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mikshaw Wrote:
Change the "external_viewer" variable to the text editor of your choice.

This thing gets better every minute.

Beta 2 is now available. This version doesn't have many changes, but I particularly wanted to fix that edit preview problem as soon as possible. It now uses a separate instance of murgaLua (using murgaLua_ExePath), and includes the global variables that are used in some of the widget demos. This of course won't work in murgaLua prior to 0.6, but with an earlier version the user can still export script changes and/or edit in the external editor. By the time the beta stage has passed I'll have rewritten the menu system anyway, so support for 0.5.5 will have to be dropped.
I knew I should have posted my changes as I went along.
Everytime I edit this thing, you come out with a new version.

In order for the compiled and/or script version to run equally
I changed the code last night to this

-- set directory separator according to operating system
if murgaLua.getHostOsName() == "windows" then demo_sep="\\" else demo_sep="/" end

--default to current directory, works after cd in scripting, not in standalone
CurDir = lfs.currentdir().."/"

-- find murgalua folder, or the script as compiled binary
pathToMurgaLua = string.gsub(murgaLua_ExePath,"(.*)/.*","%1").."/"

-- test for presence of demo scripts folder
if lfs.attributes(pathToMurgaLua.."script") ~= nil then CurDir = pathToMurgaLua end

-- in script mode the argument is received when executing this script
if arg[0] ~= nil then CurDir = arg[0] end  

-- Get the dirname and basename of the current script or binary
if string.find(CurDir,demo_sep) then
  demo_appdir=string.gsub(CurDir,"(.*)"..demo_sep..".*","%1") -- data directory

arg throws an error in the compiled version unless it gets some data.
My changes manage to kill this bug.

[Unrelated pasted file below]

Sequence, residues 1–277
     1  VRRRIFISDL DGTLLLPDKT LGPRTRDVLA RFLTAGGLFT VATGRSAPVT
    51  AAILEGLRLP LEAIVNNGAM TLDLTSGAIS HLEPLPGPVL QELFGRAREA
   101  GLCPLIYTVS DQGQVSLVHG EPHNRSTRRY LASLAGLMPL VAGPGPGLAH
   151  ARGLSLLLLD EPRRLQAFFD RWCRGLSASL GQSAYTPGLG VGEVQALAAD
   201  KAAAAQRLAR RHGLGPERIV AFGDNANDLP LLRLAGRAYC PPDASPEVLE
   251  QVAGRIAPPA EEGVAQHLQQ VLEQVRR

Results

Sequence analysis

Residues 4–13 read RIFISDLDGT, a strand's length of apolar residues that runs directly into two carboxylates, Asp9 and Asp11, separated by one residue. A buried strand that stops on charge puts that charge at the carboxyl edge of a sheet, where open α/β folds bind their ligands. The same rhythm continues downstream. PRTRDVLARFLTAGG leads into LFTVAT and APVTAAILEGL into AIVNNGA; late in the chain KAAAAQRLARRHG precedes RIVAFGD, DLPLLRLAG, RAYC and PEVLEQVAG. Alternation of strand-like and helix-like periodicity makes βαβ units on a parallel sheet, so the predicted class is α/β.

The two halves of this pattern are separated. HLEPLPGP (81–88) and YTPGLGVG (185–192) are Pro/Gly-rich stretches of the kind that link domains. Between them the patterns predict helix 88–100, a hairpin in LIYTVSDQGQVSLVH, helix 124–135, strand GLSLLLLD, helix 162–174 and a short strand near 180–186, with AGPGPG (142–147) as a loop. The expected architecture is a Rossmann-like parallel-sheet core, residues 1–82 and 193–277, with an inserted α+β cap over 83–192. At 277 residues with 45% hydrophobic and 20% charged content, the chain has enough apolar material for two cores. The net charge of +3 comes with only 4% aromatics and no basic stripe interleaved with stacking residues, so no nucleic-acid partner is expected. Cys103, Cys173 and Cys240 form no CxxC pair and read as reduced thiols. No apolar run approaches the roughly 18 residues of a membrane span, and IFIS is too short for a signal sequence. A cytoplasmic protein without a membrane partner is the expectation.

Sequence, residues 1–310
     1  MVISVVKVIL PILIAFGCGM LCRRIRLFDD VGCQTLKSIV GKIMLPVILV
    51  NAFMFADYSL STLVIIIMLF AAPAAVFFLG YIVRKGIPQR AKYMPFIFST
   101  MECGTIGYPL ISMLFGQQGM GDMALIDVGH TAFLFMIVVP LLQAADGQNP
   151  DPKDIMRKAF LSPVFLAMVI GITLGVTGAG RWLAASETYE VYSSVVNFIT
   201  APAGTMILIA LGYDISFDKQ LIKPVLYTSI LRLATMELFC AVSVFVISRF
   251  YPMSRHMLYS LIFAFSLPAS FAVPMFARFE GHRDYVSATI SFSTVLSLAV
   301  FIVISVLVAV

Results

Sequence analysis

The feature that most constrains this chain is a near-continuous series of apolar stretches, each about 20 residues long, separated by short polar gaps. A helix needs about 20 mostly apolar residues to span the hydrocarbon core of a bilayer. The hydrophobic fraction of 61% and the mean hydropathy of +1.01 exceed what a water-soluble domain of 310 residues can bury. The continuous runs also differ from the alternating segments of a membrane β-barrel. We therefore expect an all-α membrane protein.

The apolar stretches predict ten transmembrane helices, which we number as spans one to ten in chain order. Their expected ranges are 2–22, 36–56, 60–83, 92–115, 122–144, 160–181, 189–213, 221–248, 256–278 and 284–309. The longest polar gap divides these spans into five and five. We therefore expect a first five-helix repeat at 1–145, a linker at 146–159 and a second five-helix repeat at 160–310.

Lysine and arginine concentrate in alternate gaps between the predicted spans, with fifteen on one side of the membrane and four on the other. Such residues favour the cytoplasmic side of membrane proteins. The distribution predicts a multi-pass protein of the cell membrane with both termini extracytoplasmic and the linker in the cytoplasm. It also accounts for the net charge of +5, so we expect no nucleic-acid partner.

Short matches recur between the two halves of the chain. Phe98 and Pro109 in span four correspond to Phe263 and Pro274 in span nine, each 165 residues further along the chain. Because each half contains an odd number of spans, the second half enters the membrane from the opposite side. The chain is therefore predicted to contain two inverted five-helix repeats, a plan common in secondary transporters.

/bin/murgaLua/examples/widgets: [string "--#!/bin/murgaLua..."]:236: attempt to index global 'arg' (a nil value)
stack traceback:
        [string "--#!/bin/murgaLua..."]:236: in function 'newFunc'
        [string "murgaLua"]:268: in function 'decompileMurgaLua'
        [string ""]:1: in main chunk
        [C]: ?

Also have to comment out "#!/bin/murgaLua" in the first line for compile.
It will throw a false error at line 268 for some reason.

I just made the code changes and recompiled it works on my side at least.
See what happens over there.

I'll make this permanent in the future. Thanks.

Also have to comment out "#!/bin/murgaLua" in the first line for compile

I couldn't say why, unless maybe the interpreter is checked against murgaLua_ExePath or something?
I'm going to continue using it in the releases, though (should be easy enough to remove before compiling). It's just my preference to make scripts executable and run them directly, and is common practice in Unix/Linux. Using a script as an argument to an interpreter is an unnecessary pain in my butt.

It looks like it needs more work to be used in both script and binary format. The arg={} line breaks the script...arg[0] no longer works after that, and therefore all paths are searched for in the current directory. That's definitely NOT acceptable...I need it to find the proper demo_appdir no matter what the current directory is, and I'm not going to force a change of directory in order to do this. Also, if arg[0] doesn't work in the binary there are at least two other places it needs fixing, in demo_menu_callback() and demo_show_readme().